Screenshot of measurement chart

As stated earlier, I only want to run a CouchDB instance to manage the project. Luckily, we can serve the client from CouchDB by inserting the HTML page as an attachment. Yes, serving HTML straight from the database! As Nolan Lawson mentioned:

But for all its developers’ humility, CouchDB is a really exciting technology. When you step back and look at it, it’s a daring, crazy proposition, a bold statement about how awesome web development would be if we could just let it be the web. It’s a raving streetside lunatic, grabbing random people by the shoulders and screaming at them with frantic urgency: “We don’t need the server anymore! We only need the database! The database is the server!”

To serve the client as HTML from the database, create a design document in the measurement database using the provided JSON. After creating the document, edit it and add the client HTML file as an attachment.

  "_id": "_design/client"

The client is now accessible from the following URL:


The last thing we need is a rewrite rule to make the URL prettier. CouchDB uses HTTP Rewrite Handler for redirecting requests to make it easier for the end user to type the URL of your application. Edit the design document we just created and add the rewrites property. Your final document should look like what is shown below.

  "_id": "_design/client",
  "rewrites": [
      "from": "",
      "to": "chart.html",
      "method": "GET",
      "query": {}
      "from": "/measurement/*",
      "to": "../../../measurement/*"
  "_attachments": {
    "chart.html": {
      "content_type": "text/html",
      "revpos": 32,
      "digest": "md5-sEJsbTcqnZIUqoleTnfpqg==",
      "length": 5042,
      "stub": true

The client is now available on:


The final URL is still a bit ugly, so to finish everything off we use Virtual Hosts. Add a virtual host for the URL above to forward requests. In my case I used a subdomain and added a CNAME record towards my Cloudant account.

Screenshot of Cloudant Virtual Host configuration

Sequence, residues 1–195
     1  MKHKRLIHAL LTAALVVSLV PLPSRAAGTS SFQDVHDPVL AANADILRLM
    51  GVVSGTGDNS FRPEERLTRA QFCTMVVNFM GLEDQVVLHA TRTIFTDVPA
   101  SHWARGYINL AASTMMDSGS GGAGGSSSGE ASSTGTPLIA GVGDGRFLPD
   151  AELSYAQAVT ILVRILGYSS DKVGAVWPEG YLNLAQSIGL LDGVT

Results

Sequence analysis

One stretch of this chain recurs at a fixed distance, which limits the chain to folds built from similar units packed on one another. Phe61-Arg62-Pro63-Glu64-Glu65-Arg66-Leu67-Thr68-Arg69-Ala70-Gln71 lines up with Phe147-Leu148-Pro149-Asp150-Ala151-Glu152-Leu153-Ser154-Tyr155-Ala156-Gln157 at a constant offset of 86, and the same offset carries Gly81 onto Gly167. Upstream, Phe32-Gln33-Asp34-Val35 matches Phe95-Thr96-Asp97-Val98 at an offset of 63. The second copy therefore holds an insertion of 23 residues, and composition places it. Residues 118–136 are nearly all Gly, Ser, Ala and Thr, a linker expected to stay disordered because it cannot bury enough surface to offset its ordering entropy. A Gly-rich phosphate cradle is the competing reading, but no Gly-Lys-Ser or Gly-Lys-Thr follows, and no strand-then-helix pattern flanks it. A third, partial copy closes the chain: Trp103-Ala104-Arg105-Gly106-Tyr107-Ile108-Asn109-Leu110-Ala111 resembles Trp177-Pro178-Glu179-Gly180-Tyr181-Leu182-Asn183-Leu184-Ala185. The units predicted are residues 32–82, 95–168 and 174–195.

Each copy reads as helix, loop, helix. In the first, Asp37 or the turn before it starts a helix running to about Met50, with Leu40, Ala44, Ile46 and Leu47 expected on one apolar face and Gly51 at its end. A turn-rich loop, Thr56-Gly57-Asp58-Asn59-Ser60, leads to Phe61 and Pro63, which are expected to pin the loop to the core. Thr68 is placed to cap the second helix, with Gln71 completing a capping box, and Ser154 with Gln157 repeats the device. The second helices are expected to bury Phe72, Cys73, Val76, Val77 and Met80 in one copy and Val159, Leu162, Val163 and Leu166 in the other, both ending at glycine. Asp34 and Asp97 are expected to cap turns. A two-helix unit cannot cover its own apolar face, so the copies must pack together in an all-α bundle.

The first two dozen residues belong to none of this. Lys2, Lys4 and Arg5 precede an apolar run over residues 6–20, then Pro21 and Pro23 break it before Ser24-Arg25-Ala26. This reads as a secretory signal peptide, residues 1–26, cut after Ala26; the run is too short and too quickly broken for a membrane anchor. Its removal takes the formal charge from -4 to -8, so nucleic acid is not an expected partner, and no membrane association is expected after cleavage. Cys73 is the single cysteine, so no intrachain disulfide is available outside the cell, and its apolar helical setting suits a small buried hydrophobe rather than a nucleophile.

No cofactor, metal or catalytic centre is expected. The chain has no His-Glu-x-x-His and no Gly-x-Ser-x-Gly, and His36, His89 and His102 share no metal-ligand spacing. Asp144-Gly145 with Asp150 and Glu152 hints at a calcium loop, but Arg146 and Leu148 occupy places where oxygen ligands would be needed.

The client is now available at:

The database API is available at:

Wrapping it up

We ended up with a solution that uses CouchDB and CouchDB only for storing sensor data, retrieving data and displaying it on an HTML page. We used Design Documents, Update Functions, HTTP Rewrite and Virtual Hosts to achieve those tasks. Instead of the route of Client » Application Server » Database Server we go straight from the client to the database and put the business logic inside of it. We also serve the HTML from the database instead of a traditional HTTP server.

It’s a different way of thinking, very suitable for some projects but not for all.

A couple of interesting articles for further reading:



-- Wifi Settings
wifi_config = {}
wifi_config.ssid = "networkname"
wifi_config.pwd = "networkpassword" = false

-- HTTP Settings
http_url = "https://couchdb/measurement/_design/update_handlers/_update/add_with_timestamp"
http_auth = "base64_encoded_credentials_here"

-- Application settings
sleep_seconds = 300
node_name = "living room"
dhtPin = 4

function connectWifi ()

    -- Read sensor after receiving an IP, sleep otherwise
    wifi.eventmon.register(wifi.eventmon.STA_GOT_IP, function()
    wifi.eventmon.register(wifi.eventmon.STA_DHCP_TIMEOUT, function()

    -- Connect to wifi

function readDHT()
    status, temp, humi = dht.read11(dhtPin)

    -- Publish sensor value if sensor read was succesful, sleep otherwise
    if (status == dht.OK) then
        publishSensorValues(temp, humi)

function publishSensorValues(temperature, humidity)
    -- Sleep after two seconds, prevents requests taking too long
    tmr.alarm(1, 2000, tmr.ALARM_SINGLE, function()
    -- Post sensor data to HTTP server, sleep when finished,
        "Content-Type: application/json\r\n" ..
        "Authorization: Basic " .. http_auth .. "\r\n",
            "node": "]] .. node_name .. [[",
            "temperature": ]] .. temperature .. [[,
            "humidity": ]] .. humidity .. [[
        function(code, data)

function sleep()
    -- Disconnect from wifi
    -- Go to deep sleep for the specified time



<!DOCTYPE html>